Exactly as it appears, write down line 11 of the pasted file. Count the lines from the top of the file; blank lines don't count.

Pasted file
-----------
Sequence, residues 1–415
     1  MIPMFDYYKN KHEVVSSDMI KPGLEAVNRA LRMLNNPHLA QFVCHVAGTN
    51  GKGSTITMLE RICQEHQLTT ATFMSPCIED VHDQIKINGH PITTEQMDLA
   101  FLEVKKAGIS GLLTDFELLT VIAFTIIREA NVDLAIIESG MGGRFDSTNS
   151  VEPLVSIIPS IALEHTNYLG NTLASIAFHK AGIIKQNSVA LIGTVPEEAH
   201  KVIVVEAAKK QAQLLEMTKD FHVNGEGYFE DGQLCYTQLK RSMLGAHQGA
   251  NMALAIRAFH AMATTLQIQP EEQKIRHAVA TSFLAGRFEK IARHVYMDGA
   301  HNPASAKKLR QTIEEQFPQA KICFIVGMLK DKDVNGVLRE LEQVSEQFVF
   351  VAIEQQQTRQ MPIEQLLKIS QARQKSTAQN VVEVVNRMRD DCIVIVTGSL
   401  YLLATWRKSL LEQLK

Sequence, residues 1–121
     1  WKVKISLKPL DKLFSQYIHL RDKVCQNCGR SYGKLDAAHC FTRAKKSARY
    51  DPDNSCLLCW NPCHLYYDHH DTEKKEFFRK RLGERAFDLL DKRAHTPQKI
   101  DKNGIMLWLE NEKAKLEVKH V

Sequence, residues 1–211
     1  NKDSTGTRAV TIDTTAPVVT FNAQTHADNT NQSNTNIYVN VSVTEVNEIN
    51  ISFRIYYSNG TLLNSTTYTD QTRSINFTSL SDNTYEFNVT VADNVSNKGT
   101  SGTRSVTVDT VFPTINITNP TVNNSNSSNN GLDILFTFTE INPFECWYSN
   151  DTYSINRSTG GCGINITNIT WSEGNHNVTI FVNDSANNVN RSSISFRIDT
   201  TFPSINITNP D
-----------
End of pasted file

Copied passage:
Sequence, residues 1–121